When you think about it, all cheese is weird—it’s hardened milk that smells kind of weird (but tastes pretty good). However, here are some a little bit more out there than your everyday cheddar or Parmesan.
Stilton is a rich, pungent variety of blue cheese made in England. In 2013, cheesemaker Clawson unveiled the most expensive cheese in British history: at 608 pounds a kilogram (about $1,000), its made with liqueur made out of gold, and stunted with real edible gold flakes.
Donkey Milk Cheese
If an animal makes milk, that milk can be turned into cheese. Even donkey milk. The Zasavica Special Nature Reserve in Serbia produces a donkey milk cheese. It’s white, crumbly, and uses no ingredients besides the milk. But it also costs $1,700 a pound, because it takes about 14 gallons donkey milk to produce just one pound of donkey cheese.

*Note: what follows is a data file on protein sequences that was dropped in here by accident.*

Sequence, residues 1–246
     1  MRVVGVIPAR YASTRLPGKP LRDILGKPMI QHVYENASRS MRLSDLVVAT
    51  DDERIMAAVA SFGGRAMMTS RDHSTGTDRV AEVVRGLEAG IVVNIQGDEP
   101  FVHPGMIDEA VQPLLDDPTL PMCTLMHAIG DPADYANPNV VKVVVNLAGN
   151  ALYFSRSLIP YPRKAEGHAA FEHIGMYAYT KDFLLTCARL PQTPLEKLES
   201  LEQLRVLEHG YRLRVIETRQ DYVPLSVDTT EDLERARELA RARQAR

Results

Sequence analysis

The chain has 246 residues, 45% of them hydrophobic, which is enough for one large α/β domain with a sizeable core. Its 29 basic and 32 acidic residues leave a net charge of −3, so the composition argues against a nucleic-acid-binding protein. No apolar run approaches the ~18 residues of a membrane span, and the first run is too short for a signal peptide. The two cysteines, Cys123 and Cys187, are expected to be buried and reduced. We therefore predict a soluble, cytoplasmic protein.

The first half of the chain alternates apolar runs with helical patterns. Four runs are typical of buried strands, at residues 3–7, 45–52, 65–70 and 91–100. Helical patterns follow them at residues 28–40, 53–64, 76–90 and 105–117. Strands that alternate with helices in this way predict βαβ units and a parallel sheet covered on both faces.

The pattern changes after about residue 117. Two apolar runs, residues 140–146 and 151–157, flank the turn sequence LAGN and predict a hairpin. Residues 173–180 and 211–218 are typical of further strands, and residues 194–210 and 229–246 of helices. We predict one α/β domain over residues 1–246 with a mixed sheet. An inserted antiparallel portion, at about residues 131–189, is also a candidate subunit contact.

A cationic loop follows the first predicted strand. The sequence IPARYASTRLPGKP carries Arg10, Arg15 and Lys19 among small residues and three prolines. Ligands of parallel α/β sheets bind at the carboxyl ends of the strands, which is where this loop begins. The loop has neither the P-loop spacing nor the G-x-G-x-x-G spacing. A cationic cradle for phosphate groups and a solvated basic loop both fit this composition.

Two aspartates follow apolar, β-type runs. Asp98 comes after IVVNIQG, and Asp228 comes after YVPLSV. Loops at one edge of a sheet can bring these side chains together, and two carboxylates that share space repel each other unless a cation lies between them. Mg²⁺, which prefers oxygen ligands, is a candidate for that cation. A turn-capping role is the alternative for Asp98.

Vieux Lille is produced in France, where it’s also known as Puant Macéré, which translates to “stinking pickle.” According to cheese experts, whom we will take that their word, this is the salty cheese is the stinkiest in the world.
Pecorino cheese is a nutty, Italian cheese, similar to (but more upmarket than) Parmesan. Casu Marzu begins life as pecorino, in the Sardinia area, where sheep farmers make the cheese and leave it to rot for months so it will attract flies, which then lay eggs in the cheese. Once those fly larvae hatch, the cheese is transformed into Casu Marzu…and is traditionally meant to be eaten with the tiny bugs.
Don’t want to eat tiny bugs? We can’t blame you. How about their excrement? Milbenkase is a German cheese that starts with Quark (a dairy product similar to cottage cheese), which is left for months among dust mites, along with some rye. The mites eat the rye and onto the cheese excrete a special enzyme that both ripens the cheese and turns it black.